In the beginning of 2015 the FDA has published a draft guideline about GMP for Combination Products. Now the final version has been published. What are the differences between the draft and the final version of the FDA Guideline for Combination Products?
In the beginning of 2015 the FDA has published a draft guideline about GMP for Combination Products. Now the final version has been published. What are the differences between the draft and the final version? In the following you will find an overview:
The final guideline has expanded to now 59 pages (draft: 46 pages). And also the number of footnotes increased from 85 (draft) to 147 (final).
In the table of content there are one new subchapter (II B Quality and Current Good Manufacturing Practice) and one new chapter (VII Glossary). Subchapter III C was expanded to definitions and terminology. In the following the table of content is listed:
A. Definition of a combination product
B. Quality and Current Good Manufacturing Practices
C. Overview of the final rule
D. The role of the lead center and other agency components
III. General Considerations for CGMP Compliance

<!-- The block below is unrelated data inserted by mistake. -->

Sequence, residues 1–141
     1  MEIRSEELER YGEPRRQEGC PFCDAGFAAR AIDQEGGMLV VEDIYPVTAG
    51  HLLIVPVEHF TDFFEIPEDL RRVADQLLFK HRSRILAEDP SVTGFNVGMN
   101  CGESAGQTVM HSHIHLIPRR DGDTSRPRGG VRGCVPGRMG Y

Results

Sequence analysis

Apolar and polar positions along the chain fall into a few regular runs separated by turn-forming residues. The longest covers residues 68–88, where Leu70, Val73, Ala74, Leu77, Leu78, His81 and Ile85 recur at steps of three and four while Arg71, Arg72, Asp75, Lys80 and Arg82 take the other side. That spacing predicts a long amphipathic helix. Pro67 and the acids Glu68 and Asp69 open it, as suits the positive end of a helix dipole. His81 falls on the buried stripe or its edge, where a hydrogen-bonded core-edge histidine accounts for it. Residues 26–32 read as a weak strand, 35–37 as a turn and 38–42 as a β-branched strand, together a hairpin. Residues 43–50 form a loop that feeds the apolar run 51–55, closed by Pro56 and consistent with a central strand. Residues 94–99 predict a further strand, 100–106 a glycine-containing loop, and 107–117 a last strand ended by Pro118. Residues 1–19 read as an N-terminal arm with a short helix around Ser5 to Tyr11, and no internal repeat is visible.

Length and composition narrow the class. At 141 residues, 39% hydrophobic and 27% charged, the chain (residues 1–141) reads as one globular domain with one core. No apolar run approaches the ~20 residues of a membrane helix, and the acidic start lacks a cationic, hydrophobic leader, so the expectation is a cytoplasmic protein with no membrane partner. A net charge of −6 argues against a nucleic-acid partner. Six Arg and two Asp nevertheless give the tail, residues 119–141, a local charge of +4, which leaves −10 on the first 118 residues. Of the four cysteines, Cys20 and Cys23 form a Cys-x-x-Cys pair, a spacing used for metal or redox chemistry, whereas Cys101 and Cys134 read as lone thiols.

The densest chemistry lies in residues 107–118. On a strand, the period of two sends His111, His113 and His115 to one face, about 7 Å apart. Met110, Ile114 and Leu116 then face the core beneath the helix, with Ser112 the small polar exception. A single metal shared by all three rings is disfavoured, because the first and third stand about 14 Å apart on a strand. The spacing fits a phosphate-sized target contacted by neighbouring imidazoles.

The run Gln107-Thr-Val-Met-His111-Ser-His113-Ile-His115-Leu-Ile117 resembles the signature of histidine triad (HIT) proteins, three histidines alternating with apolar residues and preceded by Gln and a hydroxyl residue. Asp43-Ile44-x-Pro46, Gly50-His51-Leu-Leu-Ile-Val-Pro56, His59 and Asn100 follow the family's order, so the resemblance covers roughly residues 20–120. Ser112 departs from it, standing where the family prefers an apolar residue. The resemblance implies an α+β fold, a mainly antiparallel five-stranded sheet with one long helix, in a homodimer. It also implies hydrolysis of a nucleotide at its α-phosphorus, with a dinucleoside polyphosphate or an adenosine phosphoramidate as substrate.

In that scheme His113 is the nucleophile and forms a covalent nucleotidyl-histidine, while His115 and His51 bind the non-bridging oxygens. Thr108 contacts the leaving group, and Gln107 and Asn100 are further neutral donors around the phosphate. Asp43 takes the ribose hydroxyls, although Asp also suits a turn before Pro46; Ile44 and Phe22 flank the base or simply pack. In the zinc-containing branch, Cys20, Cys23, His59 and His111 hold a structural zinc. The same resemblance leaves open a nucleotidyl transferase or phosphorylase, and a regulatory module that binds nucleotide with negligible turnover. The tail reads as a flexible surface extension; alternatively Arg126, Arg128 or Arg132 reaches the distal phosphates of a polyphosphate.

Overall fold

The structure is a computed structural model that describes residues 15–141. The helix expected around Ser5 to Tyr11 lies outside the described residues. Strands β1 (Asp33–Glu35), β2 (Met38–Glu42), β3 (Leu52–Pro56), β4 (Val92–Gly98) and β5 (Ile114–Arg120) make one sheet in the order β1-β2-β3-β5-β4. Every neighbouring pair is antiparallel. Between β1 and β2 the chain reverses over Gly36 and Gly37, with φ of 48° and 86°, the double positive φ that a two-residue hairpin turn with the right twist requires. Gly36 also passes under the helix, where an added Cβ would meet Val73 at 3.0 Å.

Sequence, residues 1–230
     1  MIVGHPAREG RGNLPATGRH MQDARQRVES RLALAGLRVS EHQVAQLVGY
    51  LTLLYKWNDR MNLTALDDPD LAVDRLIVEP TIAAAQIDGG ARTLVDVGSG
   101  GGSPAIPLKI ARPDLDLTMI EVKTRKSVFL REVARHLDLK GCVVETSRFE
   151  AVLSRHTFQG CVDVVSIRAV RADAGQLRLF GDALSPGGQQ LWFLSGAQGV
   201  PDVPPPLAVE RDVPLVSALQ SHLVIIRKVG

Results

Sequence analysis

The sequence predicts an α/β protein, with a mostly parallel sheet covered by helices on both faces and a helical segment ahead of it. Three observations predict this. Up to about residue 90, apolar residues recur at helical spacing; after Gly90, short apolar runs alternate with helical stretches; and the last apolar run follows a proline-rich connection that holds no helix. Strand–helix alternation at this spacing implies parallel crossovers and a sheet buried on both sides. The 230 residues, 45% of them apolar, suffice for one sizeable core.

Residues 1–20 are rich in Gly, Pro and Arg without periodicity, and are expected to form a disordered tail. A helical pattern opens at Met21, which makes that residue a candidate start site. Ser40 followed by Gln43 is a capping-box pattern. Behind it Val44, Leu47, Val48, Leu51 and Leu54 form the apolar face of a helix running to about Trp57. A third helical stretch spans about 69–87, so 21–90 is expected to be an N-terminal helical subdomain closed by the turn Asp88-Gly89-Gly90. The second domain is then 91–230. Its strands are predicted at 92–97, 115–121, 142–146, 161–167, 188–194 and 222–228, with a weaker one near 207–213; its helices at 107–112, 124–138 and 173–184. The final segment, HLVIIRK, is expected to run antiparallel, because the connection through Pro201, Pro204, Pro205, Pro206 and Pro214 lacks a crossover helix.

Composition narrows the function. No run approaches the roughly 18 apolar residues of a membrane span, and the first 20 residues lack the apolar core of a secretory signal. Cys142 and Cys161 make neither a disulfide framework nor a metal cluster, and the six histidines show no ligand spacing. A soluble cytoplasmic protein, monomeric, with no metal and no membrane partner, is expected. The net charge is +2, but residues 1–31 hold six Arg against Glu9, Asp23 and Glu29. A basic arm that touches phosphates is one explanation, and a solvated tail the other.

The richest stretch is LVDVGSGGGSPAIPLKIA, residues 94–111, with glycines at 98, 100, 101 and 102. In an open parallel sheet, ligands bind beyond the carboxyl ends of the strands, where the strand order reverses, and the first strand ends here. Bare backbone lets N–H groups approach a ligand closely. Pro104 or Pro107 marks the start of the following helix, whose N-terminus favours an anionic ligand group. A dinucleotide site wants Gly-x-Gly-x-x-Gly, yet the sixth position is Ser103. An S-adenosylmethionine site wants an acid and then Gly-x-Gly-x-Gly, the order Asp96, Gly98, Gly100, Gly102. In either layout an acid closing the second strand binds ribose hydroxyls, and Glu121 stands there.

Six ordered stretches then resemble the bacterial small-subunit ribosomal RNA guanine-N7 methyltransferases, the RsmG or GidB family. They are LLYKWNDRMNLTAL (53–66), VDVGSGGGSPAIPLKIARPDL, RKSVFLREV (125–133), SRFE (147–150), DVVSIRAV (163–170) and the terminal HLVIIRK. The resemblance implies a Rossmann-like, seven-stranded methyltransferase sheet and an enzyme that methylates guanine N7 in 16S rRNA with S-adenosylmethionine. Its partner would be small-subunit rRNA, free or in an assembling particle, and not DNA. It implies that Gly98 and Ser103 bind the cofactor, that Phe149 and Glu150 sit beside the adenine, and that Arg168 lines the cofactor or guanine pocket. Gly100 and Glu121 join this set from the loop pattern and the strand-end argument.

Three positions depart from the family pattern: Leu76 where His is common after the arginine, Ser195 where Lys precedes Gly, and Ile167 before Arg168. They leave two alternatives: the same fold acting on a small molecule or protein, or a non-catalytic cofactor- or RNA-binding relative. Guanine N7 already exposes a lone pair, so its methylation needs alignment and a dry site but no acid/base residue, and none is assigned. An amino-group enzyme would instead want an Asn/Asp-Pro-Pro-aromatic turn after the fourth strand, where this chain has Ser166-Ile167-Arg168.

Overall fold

A. Demonstrating compliance
B. Investigational products
C. Definitions and terminology
D. What CGMP requirements apply to a product or facility?
E. Control of changes to a combination product
IV. What do I need to know about the CGMP requirements specified in 21 CFR 4.4(b)?
A. Provisions from the device QS regulation specified in 21 CFR 4.4(b)(1)
B. Provisions from the drug CGMPs specified in 21 CFR 4.4(b)(2)
C. Combination products that include biological products and HCT/Ps
V. Application of CGMP requirements to specific types of combination products
A. Prefilled syringe
B. Drug-coated mesh
C. Drug Eluting Stent (DES)
VI. Contact Us
In the introduction it is explicitly stated, that “The final rule did not establish any new requirements”. In a footnote the guideline gives an explanation why the term “legacy” combination product has not been used.
In the new subchapter II B (Quality and Current Good Manufacturing Practice) the guideline mentions, that “the core requirements embedded in these regulations provide for systems that assure proper design, monitoring, and control of manufacturing processes and facilities. This includes establishing a strong quality management system, using appropriate quality raw materials, establishing robust manufacturing and control procedures based on sound design principles, and detecting and investigating product quality deviations. In addition, these regulations call for ongoing assessment of systems and the implementation of corrective actions where appropriate”.